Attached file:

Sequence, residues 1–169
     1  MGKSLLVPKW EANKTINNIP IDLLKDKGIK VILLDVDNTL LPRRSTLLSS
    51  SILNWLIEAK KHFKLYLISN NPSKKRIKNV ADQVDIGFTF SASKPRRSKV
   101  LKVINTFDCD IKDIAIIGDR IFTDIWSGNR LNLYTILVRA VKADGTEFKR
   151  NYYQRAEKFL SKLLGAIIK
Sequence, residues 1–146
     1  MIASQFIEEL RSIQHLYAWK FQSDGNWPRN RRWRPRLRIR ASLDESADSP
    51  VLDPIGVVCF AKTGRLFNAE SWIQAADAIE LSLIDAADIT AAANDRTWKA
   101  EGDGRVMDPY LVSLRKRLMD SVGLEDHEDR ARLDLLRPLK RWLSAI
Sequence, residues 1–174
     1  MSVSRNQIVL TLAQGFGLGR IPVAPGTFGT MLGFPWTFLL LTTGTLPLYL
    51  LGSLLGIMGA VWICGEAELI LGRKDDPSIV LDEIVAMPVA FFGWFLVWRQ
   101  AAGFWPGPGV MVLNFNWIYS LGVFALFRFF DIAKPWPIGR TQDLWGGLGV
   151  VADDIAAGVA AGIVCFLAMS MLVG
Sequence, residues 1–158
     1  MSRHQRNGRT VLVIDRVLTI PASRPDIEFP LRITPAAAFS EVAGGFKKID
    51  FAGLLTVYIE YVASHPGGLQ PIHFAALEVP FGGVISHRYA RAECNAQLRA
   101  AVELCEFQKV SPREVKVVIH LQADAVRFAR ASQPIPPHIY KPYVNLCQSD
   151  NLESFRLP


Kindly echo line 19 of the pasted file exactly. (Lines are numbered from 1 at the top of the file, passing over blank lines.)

   151  NLESFRLP